I’m an excellent project manager and devised highly praised workflow systems last year. I want the opportunity to not only utilize the skills that contributed strongly to expense minimization last year, but to expand and develop those skills in a new role.

Key points: This response highlights your contribution and emphasizes what you bring to the prospective employer. You’re showing what skills you have and that you are ambitious to develop them further.

Scenario: You’re stuck in a toxic workplace.

Rephrase: You are looking for new challenges.

I’m a marketing professional responsible for growing sales. My strategies increased revenue 15 percent last year. Your multiple sales channels provide an opportunity to take my proven skills to the next level and offer opportunity for innovation and creativity.

Key points: You highlight both your own excellent qualifications and a revenue growth record highly likely to appeal to prospective employers, combined with a statement of how you want new challenges.

Scenario: You find your current work boring, unfulfilling, or lacking meaning.

Rephrase: You are impressed with the prospective company and want to contribute to it

Your products couple social responsibility with cutting-edge distribution techniques. I admire your company and want to contribute to it. Further, I think that the distribution strategies I developed at my current company are a good fit.

Key points: You highlight the reasons you admire the company and provide a pivot to discuss further the strategies that can contribute to the new company.

In all these scenarios, you give the prospective employer information on why you’re looking for a job that provides an opportunity for positive discussion of your capabilities for the new job – and avoids any negative discussion. With these rephrasing strategies, there is no reason to say anything negative about your current or past employer, focus instead on shining the spotlight on your own potential contributions to the prospective employer.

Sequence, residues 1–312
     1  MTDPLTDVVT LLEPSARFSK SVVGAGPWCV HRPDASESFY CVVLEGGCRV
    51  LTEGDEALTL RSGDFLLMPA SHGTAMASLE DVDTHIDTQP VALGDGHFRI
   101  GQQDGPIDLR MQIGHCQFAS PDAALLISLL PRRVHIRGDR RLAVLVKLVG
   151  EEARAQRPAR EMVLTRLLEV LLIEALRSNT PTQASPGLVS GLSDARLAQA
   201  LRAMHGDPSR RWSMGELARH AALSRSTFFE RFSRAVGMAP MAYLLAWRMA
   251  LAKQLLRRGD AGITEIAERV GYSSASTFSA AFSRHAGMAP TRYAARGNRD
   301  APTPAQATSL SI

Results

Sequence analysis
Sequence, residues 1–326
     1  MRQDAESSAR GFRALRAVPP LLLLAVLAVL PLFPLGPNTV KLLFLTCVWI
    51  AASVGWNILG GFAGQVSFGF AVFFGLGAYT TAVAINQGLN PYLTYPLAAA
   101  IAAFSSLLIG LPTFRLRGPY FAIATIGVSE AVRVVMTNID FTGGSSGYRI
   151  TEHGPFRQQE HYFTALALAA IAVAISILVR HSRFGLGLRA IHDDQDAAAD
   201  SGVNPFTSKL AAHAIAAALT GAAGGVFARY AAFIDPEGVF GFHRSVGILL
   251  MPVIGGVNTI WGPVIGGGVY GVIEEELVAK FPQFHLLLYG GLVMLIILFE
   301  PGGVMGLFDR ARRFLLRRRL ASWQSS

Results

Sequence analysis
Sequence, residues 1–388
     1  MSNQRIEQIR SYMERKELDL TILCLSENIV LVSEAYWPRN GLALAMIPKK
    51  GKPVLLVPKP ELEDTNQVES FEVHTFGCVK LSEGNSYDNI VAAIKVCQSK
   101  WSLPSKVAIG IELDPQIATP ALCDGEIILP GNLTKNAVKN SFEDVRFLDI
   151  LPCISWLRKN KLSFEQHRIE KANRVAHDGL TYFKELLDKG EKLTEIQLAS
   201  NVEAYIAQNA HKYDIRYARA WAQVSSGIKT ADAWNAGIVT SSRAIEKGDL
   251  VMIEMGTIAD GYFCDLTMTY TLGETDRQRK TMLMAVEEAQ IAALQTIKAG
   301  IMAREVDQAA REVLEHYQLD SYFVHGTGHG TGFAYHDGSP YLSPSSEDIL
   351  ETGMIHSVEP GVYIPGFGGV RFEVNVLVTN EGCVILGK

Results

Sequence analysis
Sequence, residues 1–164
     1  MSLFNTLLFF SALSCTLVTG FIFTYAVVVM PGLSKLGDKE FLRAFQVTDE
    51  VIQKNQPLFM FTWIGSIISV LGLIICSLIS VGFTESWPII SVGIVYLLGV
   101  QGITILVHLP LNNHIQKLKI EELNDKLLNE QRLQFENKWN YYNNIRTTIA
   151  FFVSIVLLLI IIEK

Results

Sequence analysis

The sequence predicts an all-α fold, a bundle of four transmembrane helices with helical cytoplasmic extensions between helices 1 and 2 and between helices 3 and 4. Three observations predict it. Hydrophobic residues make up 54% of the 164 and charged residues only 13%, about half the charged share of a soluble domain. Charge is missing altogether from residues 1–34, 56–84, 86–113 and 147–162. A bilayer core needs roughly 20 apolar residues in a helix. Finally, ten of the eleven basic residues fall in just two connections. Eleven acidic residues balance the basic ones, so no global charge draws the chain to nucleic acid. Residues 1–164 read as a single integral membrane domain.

Before your interview, practice makes perfect.

One final note.

Actually answering this question on the spot, in front of an interviewer, without being fully prepared might pose challenges, especially if you are currently in a very negative situation. Negativity can easily seep into your mindset and your responses if you’re not ready. You want to ensure that the answer flows smoothly and sounds genuine.

The answer is practice. Develop your answer and then practice it with friends and family. The more you practice, the easier it will become to focus on the positives (and the opportunities for further discussion in the interview) and the easier it will become to avoid any discussion of negatives associated with your current job. Plus, this gives you a great chance to bounce ideas off of peers you trust, and get new ideas for how to reframe your answer.

Remember, the purpose of an interview is to be hired. Focus on that reason and how the discussion contributes to it. While questions about why you’re looking for a new job can be tricky, there’s no reason to fear them. Develop an answer that focuses on the positive reasons why you want the new job – and crucially, provides the employer with a reason to hire you.

Need help preparing for an upcoming job interview? Schedule a free consultation to get matched with a Career Coach!

About the Author

Rita Williams is a freelance writer on a wide range of topics, including careers, human resources trends and personal finance. She works with both job-seekers and companies to educate and inform them about best practices – and shows humor and understanding while doing it.